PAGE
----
Max Yavno, Who Captured L.A. in His Photographs, Dies at 73

Times Staff Writer

Max Yavno, whose black-and-white photographs captured Los Angeles and San Francisco in the 1940s as no one else’s did, has died of pneumonia and complications arising from a fall in a shower while in Italy last year. He was 73.

Yavno, who died Thursday at Cedars-Sinai Medical Center in Los Angeles, initially could not earn a living photographing urban life, despite the attention his work drew. He spent 25 years making commercial pictures for the advertising market but returned to realism a decade ago when galleries and the public began to take an interest.

His famous photograph of a crowd watching sun-worshiping body builders at Muscle Beach in Venice was sold at auction last year for nearly $4,000.

Although he was best known for the scenes he recorded in the immediate post-World War II years, he continued to photograph the faces and street scenes of Los Angeles and other places with a consistency of feeling that prompted Times art critic William Wilson to say in 1981 that there “is amazingly little difference between the L.A. Yavno saw in ’49 and the one he sees today.”


His last exhibition, four months ago, was a series of photographs taken in Morocco and Italy.

‘Very Special Ability’

In the early years, he caught in his lens such images as a pre-Dodgers Chavez Ravine, a giant plaster leg on top of a stocking store in West Los Angeles, a sea of fog between Hollywood and the La Brea Towers, then under construction.

Melrose Avenue photo gallery owner G. Ray Hawkins, who represented Yavno and exhibited his works, called him a “social documentarian” and noted that he had “a very special ability for combining composition and content while capturing his social vignettes.”


Yavno, the son of Russian immigrants, was born in New York and worked as a Wall Street messenger at 16 while attending City College of New York at night. He attended the graduate school of political economics at Columbia University, but became interested in photography.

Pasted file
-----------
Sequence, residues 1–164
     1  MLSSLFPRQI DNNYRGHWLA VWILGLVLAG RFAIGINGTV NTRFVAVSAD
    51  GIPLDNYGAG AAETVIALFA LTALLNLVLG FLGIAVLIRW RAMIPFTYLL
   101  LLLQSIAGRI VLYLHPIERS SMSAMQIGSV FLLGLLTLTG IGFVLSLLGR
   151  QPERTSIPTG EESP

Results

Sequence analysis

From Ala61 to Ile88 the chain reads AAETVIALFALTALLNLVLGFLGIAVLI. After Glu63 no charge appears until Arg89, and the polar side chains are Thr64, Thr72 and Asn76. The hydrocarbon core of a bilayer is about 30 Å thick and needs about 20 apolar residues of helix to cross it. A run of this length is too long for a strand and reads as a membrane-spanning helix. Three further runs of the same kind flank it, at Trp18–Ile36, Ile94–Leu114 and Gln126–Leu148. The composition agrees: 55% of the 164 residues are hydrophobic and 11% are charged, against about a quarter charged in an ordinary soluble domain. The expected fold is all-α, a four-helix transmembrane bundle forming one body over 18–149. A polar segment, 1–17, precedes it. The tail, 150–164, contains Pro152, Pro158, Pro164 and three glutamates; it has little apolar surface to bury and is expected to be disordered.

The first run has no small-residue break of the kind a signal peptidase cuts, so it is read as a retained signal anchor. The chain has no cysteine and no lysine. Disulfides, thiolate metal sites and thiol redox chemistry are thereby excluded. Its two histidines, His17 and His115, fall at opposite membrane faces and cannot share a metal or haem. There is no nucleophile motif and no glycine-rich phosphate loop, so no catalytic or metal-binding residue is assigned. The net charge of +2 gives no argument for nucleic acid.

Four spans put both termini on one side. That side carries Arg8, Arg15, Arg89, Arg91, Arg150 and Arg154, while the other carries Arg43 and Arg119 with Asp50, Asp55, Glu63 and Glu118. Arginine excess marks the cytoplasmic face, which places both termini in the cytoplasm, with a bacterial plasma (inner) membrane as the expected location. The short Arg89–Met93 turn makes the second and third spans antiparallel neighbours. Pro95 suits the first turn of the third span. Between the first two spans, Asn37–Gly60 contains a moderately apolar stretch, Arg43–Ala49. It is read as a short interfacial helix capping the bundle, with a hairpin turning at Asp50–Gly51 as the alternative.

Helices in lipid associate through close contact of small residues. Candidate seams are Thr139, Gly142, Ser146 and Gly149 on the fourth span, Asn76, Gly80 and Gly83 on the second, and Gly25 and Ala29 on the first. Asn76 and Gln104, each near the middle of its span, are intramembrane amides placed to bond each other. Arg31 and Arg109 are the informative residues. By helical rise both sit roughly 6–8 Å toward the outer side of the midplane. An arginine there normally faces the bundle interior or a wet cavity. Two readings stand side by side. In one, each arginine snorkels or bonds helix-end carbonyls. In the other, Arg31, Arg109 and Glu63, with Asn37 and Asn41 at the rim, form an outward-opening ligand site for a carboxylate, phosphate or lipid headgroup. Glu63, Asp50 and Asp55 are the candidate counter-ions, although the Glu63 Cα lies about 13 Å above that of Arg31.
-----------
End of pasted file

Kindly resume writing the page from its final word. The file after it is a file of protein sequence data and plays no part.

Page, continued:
During the 1940s, he worked as a photographer for the Works Progress Administration and became president of the Photo League.

After serving in the Army as a photographer during World War II, he moved to California, where his “San Francisco Book,” with text by columnist Herb Caen, was published in 1948. It included his shot “Cable Car,” which showed one of the famed cars being turned around at Powell and Market streets, a nostalgic scene for any former visitor.

L.A. Faces, Facades


In Los Angeles he turned his camera on Madman Muntz’s auto lots, on the going-out-of-business sale at the late mobster Mickey Cohen’s Sunset Strip haberdashery, on Muscle Beach and on other faces and facades of the era.

The “Los Angeles Book,” with words by former Times columnist Lee Shippey, was published in 1950.

Asked in 1976 how he liked the material written by Caen and Shippey for those books, Yavno grinned and said, “I never read either of them.”

He was such a dedicated artist that, as he once told Art Seidenbaum of The Times, he spent three Sundays getting the Muscle Beach photograph. It was that long, he said, before the subjects stopped flexing for his camera and resumed posing for each other.


In 1950, Edward Steichen chose 20 of Yavno’s prints for the permanent collection at the Museum of Modern Art in New York. In 1951, Yavno won a Guggenheim grant.

But Yavno was unable to earn a living as an artist.

“I had the Guggenheim,” he said. “I had the pictures in the museums and I was starving.”

So he began to work for the advertising agencies, recalling later that he “felt guilty for a while.”


In the mid-1970s, however, he was so taken by a view of the Canyon de Chelly in Arizona that “I just couldn’t stand to do commercial work any more.”

Yavno was married at 19 and divorced after three years. He leaves a sister.

A memorial service will be held Tuesday at 2 p.m. at Hillside Memorial Park.

Hawkins said that in lieu of flowers, blood donations to Cedars-Sinai Medical Center would be welcomed, as would be contributions through the G. Ray Hawkins Gallery to a scholarship fund for young social documentary photography students.